Active Support Disability: A Guide
Active Support is a care model that helps people with disabilities live the lives they want by enabling them to be more independent and in control of their support. It is a person-centered approach that focuses on the strengths
and abilities of the individual rather than their limitations.
What is Active Support Disability?
Active Support is a way of providing support to people with disabilities that empowers them to be as independent as possible and to have control over their own lives. It is a person-centered approach that focuses on the strengths
and abilities of the individual, rather than their limitations. Active Support can be used in a variety of settings, including homes, day centers, and community settings.
How does Active Support work?
Active Support is based on the principles of positive behavior support and person-centered planning. The approach involves a team of support workers who work together with the person with a disability to understand their needs
and preferences, and to develop a support plan that is tailored to their individual needs and aspirations.
The support plan will include a range of activities and support strategies that are designed to help the person with a disability to be more independent, participate in community life, and achieve their goals. This might include
things like developing life skills, accessing education and training, and pursuing hobbies and interests.
Benefits of Active Support Disability
Active Support has many benefits for people with disabilities, including:
• Increased independence and control over their support
• Improved quality of life and well-being
• Increased opportunities to participate in community life and achieve personal goals
• Improved relationships with support workers and others in their life
• Increased opportunities for personal growth and development
Active support examples when caring for someone with a disability include:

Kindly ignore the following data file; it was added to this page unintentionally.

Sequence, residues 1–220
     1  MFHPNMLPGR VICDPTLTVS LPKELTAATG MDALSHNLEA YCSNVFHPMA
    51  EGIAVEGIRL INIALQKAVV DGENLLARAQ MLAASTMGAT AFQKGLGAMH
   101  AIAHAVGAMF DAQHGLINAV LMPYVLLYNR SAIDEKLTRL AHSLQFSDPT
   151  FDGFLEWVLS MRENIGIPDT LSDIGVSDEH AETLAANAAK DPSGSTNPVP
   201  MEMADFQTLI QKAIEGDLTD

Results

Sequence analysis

• Encouraging and facilitating participation in daily activities: This can include personal care, meal preparation, shopping, and other activities of daily living.
• Supporting communication: This can involve using assistive technology, sign language, or other forms of communication that help the individual express their needs and wants.
• Promoting independence: Encouraging the person to make choices and decisions, and providing support to carry out their chosen activities.
• Facilitating leisure and recreational activities: This can involve assisting with hobbies, sports, or other interests, or helping to arrange community events and activities.
• Encouraging socialization: Encouraging and facilitating social interactions, such as joining clubs or groups, and helping to maintain relationships with friends and family.
• Supporting personal growth and development: Encouraging and supporting education, training, and employment opportunities
• Fostering a positive and respectful relationship: Building a supportive, trusting, and respectful relationship between the care provider and the individual with a disability.
These are just a few examples of the many ways that Active Support can be used to help people with disabilities live fulfilling lives. It is important to tailor the approach to the individual's unique needs, preferences, and
goals to ensure that it is effective and meaningful for them.
The opposite of active support when working as a disability support worker would be a passive support approach. This approach is characterized by a care provider taking control and making decisions for the individual with a
disability, without involving or empowering them to have any agency or control over their own support.
Examples of passive support include:
• Doing things for the person rather than encouraging and facilitating their participation
• Making decisions and choices for the person without involving them in the process
• Limiting the person's opportunities for personal growth and development
• Failing to promote independence and self-determination
• Not respecting the person's preferences and desires
Passive support can result in a lack of empowerment and autonomy for the individual with a disability, and can negatively impact their quality of life and well-being. Active support, in contrast, seeks to empower and involve
the individual, and promote their independence and control over their own support.
Active Support is a valuable approach for supporting people with disabilities to live the lives they want. By empowering them to be more independent and in control of their support, it can help to improve their quality of life and well-being, and provide them with increased opportunities to participate in community life and achieve their goals.